Submitted by Maria.Kapsalaki on Fri, 10/25/2013 - 19:12
Windcatchers are roof mounted devices that use the action of the wind to provide top down natural ventilation to a room. Here, fresh air is channelled into a room while, at the same time, stale air is drawn out. This provides a simple but attractive natural ventilation methodology that is increasing in popularity in U.K. schools. However, an analysis of system performance has largely been limited to laboratory based measurements and the use of CFD to generate predictions.
This paper reviews the literature for evidence of links between ventilation rates in dwellings and moisture related respiratory health with a particular focus on house dust mites (HDM) and fungal growth. There is general consensus that a link exists between ventilation rates in dwellings and respiratory hazards (for example HDM). There is also general consensus of a link between these respiratory hazards and respiratory problems, but it is not clear to what extent hazards cause ill-health.
This paper reports a critical analysis of the assessment of contaminant removal efficiency. Measurements have been carried out in a ventilated room equipped with a pine wood floor, which emits Volatile Organic Compounds (VOCs), considered as air pollutants in this paper. Thereafter, Computational Fluid Dynamics (CFD) simulations are performed. CFD results are compared to measurements to check their accuracy. Moreover, air quality within the ventilated room is numerically analysed via indices.
The concentration of CO2 was measured during driving the automobile and during standing. VOCsconcentration was measured during standing. Two ventilation modes were prepared; 1) all fresh airmode and 2) all re-circulation mode in the car compartment. The windows of the automobile werealways closed during this measurement. The ventilation rate and the airchange rate were determinedby the concentration of CO2.
This study was performed to investigate an influence of ventilation rate change on the level of aerialcontaminants in the confinement pig building. There was not significant difference in total dust and totalairborne microorganisms among three levels of ventilation rate (p>0.05) whereas the increasedventilation rate lowered the levels of respirable dust and gaseous compounds (p
In this paper, the experiment for moisture buffering and effect of ventilation rate and volume rate of thehygrothermal materials is described. The objective of the experiment is to make clear the relationshipsbetween the moisture buffering effect and, the ventilation and volume rates of the hygrothermalmaterials. In the experiment, a layer of gypsum board as hygrothermal materials is placed on theinterior surface of the test chamber (4.60 m3). This chamber is located in the climate room which cancontrol constant temperature and humidity level (20oC and 50%rh).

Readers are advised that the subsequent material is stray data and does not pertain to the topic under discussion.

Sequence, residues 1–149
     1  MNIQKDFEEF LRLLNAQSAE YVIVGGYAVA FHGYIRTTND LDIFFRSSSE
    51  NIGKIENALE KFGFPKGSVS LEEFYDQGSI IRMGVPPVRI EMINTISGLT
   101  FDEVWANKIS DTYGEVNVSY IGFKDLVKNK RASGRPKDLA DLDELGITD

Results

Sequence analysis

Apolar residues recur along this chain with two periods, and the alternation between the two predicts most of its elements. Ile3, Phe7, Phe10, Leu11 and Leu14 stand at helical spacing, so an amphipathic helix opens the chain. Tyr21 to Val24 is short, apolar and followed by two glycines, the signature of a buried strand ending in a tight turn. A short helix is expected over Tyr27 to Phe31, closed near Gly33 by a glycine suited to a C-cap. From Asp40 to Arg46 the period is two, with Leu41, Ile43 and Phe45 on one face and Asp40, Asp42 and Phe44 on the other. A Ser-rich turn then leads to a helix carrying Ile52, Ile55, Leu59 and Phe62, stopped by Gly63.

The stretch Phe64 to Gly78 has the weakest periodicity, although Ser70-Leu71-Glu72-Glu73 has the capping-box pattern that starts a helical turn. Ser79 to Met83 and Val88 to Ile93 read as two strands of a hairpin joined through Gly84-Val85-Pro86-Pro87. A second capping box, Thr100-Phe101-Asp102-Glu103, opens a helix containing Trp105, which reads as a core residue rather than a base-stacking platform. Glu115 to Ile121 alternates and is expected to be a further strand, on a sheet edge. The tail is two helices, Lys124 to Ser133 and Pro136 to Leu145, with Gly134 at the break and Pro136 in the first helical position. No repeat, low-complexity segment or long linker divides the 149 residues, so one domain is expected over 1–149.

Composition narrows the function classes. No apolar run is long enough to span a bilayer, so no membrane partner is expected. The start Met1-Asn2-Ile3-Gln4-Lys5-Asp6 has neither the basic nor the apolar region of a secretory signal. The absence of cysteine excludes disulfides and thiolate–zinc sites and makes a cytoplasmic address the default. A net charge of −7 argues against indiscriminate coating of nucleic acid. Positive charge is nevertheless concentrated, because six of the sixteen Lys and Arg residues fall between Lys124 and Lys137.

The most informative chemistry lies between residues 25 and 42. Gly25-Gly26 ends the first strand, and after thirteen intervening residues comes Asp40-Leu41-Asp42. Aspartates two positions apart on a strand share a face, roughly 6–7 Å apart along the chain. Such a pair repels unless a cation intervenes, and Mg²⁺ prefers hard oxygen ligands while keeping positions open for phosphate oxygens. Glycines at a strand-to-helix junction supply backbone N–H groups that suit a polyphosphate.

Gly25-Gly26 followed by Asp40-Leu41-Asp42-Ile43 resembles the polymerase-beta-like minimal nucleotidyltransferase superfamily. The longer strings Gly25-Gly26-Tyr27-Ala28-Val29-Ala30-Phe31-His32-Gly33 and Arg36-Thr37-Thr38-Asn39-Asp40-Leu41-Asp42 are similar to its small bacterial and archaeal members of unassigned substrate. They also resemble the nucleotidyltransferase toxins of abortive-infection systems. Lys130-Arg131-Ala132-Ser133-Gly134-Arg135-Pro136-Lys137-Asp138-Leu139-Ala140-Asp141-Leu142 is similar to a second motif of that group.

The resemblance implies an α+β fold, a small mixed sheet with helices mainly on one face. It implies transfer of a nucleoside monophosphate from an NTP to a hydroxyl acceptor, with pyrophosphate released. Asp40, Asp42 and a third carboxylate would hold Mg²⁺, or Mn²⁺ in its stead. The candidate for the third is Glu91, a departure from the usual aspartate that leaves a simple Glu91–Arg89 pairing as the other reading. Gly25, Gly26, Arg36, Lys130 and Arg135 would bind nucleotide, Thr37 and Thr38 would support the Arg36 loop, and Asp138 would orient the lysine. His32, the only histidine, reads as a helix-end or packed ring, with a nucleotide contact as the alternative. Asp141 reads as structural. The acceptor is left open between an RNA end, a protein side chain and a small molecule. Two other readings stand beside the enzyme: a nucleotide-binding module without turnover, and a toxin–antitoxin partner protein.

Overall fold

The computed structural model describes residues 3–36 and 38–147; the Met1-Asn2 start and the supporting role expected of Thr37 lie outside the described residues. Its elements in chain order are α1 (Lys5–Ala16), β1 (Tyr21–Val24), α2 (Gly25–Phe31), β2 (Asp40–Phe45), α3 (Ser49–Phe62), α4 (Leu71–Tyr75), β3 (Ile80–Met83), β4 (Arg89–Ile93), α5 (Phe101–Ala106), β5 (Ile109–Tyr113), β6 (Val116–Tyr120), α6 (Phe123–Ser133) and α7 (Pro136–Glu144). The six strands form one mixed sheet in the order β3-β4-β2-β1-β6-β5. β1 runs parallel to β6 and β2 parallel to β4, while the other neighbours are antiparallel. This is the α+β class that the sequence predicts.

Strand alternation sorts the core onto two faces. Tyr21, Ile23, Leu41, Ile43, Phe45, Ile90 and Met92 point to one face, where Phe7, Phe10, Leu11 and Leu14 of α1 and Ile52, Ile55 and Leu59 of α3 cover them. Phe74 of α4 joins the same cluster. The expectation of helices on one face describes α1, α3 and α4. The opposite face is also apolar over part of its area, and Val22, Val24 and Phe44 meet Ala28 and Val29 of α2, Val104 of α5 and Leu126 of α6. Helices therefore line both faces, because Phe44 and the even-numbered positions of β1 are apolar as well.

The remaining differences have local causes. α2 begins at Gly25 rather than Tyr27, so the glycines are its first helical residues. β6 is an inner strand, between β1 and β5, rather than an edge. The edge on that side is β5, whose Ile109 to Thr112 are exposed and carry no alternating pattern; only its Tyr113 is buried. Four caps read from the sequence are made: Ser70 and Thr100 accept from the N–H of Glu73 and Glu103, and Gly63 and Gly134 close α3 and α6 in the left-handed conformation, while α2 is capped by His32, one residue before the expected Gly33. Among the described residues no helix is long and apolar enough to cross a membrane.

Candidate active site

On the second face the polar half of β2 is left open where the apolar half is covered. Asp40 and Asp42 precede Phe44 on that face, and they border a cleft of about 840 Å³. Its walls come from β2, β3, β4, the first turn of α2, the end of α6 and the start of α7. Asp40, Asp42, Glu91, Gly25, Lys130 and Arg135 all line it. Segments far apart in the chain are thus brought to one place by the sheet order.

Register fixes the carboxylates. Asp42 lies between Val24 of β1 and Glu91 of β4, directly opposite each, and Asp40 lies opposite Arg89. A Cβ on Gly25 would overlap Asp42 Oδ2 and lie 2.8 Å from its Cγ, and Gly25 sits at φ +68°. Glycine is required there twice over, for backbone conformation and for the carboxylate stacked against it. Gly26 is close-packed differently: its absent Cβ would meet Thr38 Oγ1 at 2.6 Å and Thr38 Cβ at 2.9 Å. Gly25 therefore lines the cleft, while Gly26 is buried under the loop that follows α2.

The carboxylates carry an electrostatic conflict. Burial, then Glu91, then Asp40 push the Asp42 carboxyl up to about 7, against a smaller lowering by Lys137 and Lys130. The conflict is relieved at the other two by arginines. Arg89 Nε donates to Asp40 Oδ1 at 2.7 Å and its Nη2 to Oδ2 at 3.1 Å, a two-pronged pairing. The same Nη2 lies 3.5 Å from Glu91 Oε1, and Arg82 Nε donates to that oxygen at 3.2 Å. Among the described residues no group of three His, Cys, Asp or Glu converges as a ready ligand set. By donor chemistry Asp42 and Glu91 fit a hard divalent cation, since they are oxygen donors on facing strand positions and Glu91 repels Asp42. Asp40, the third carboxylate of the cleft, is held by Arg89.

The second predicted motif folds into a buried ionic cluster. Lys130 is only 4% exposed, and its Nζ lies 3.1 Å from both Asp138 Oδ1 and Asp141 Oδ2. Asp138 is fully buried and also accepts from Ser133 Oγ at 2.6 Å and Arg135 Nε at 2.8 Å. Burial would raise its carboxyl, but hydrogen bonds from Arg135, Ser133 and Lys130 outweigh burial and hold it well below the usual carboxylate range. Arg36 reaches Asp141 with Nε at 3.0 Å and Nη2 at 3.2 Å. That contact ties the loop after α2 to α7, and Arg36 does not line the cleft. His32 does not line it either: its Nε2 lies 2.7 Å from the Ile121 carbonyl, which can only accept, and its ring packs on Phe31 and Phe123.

This paper reports on a field investigation of the effect of screening on the induced flow rate in solar chimneys. The solar chimney considered here was a roof solar collector (RSC). It is composed of CPAC monier concrete tiles, an air gap and gypsum board. Two RSC units were integrated into the south-facing roof of a centre single room house of 25 m3 volume. Different types of screening were considered, namely: mosquito net, square net, metal grille and nylon filter.
In the first phase of the current project, the ventilation rates of occupied houses in the northern region of Japan were investigated from 2001 to 2005. It was revealed that, despite installing mechanical ventilation system, low ventilation rate was found in many houses. The causes were believed attributing to lack of cleaning of grills, filters and insect protection meshes. The second phase of the project was to investigate the causes and resolve the problems. This project was started in 2005 and 12 houses installed with mechanical ventilation system were investigated.
The paper evaluates the potential work performance benefits of increased ventilation. We analysed the literature relating work performance with ventilation rate and employed statistical analyses. The studies included in the review assessed performance of various tasks in laboratory experiments and measured performance at work in real buildings. Almost all studies found increases in performance with higher ventilation rates. The studies indicated typically a 1-3 % improvement in average performance per 10 L/sperson increase in outdoor air ventilation rate.
This paper reports mainly on field studies were indoor overnight CO2 levels are monitored along with outdoor ventilation rates in bedrooms where room air conditioners are employed.The results of laboratory experiments using two typical RACs (room air conditioners) are also reported and discussed.